For the elderly, reverse mortgage can supply cash

September 27, 1992|By Knight-Ridder News Service

PHILADELPIA — PHILADELPHIA -- Low interest rates have squeezed the incomes of some older people. But elderly homeowners can use their biggest asset to offset lost income.

A reverse mortgage lets older homeowners borrow against the equity in their homes, with repayment not due until they sell, move or pass away. Because the homeowner borrows the money, low interest rates provide a benefit.

Under a 2-year-old program of the Federal Housing Administration, 2,100 Americans have taken out reverse mortgages on their homes. The loans can be paid to the borrower in one sum, in monthly payments, through a line of credit, or by a combination of such methods. Borrowers must be at least 62, but half of the borrowers so far are older than 76.

The typical reverse-mortgage borrower is "house-rich and cash-poor," and the loans are typically most attractive to people who depend on interest income, says Ken Scholen, of the National Center for Home Equity Conversion, in Marshall, Minn.

Although reverse mortgages provide money now, he says, they consume the equity in your home, leaving less for you or your heirs later.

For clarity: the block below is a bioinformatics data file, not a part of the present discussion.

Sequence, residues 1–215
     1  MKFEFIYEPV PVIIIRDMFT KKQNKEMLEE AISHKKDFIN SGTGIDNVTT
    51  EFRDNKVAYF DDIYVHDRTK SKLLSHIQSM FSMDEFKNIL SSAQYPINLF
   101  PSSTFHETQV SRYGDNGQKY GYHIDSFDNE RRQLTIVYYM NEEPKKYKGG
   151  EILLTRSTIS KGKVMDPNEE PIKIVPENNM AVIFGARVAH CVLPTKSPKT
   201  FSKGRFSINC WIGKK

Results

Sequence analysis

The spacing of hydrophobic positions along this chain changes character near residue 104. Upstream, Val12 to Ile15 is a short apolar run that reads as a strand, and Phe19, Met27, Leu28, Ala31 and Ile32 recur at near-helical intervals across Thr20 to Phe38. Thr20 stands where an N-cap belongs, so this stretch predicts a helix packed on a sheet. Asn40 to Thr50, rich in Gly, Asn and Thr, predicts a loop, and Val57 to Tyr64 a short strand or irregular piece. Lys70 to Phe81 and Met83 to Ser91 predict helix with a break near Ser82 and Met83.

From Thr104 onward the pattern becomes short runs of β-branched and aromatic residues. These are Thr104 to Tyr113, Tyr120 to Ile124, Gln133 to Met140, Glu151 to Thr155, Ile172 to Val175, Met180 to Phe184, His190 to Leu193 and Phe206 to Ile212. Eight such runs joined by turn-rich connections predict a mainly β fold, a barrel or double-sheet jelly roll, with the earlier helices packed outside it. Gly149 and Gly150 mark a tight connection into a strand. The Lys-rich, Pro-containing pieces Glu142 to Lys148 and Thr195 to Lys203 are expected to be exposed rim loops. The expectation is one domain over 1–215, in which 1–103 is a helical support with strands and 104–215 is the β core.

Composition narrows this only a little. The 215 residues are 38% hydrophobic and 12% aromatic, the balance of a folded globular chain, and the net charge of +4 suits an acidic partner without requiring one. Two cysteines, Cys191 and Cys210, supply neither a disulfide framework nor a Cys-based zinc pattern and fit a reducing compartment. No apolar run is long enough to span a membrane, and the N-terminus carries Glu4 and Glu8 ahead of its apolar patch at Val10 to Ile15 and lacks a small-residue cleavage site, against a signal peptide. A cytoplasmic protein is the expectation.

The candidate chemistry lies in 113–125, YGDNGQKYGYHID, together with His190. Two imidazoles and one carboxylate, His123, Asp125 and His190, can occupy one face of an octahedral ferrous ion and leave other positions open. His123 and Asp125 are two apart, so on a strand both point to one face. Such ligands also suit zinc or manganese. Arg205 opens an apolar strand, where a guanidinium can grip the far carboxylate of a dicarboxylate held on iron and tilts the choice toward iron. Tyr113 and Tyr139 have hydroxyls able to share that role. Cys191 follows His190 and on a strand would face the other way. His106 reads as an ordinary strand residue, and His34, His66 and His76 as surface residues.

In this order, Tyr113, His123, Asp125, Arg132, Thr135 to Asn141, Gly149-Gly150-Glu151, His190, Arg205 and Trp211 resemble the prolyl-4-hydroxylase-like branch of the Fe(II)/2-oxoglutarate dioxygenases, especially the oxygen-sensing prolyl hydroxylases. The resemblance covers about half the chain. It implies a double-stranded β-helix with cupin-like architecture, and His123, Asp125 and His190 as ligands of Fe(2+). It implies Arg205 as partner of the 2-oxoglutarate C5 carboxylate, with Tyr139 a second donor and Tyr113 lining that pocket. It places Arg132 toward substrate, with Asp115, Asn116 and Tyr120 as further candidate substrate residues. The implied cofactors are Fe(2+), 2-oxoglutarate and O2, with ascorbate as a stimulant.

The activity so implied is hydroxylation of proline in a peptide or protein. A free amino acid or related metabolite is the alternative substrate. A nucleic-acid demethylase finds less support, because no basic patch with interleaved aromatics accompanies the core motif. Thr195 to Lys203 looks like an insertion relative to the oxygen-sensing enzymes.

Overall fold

A reverse mortgage, like a regular mortgage or home-equity loan, is a loan secured by the homeowner's house. But the homeowner need make no payments to the lender while living in the house. A borrower may stay in the house indefinitely, even if the payments plus interest exceed the value of the house.

The loan is usually repaid from sales proceeds. So the amount that can be borrowed is limited by the value of the house or by an FHA-imposed limit, whichever is less. Interest will compound on the loan until it is repaid. So a homeowner cannot borrow more than the full limit. If the interest and principal exceed the value of the house, FHA insurance will pay the lender the difference. FHA premiums are built into the loan, at the rate of 0.5 percent of the outstanding balance each year.

The amount of the loan is also affected by the borrower's age, under the assumption that interest will pile up longer for a younger borrower. This means that an older borrower can borrow more than a younger one. (When a couple borrows money, all calculations are based on the age of the younger person.)

Interest rates also have some effect.

For instance, the index used to determine how much may be borrowed under the FHA reverse-mortgage program is linked to 10-year Treasury securities. Two years ago, that index was 10.20 percent; recently, it was 8.95 percent.

FOR MORE INFORMATION: A free copy of "Home-Made Money," a booklet written by Ken Scholen, is available by writing to Home-Made Money, AARP Home Equity Conversion Service, 1909 K St. NW, Washington, D.C. 20049.

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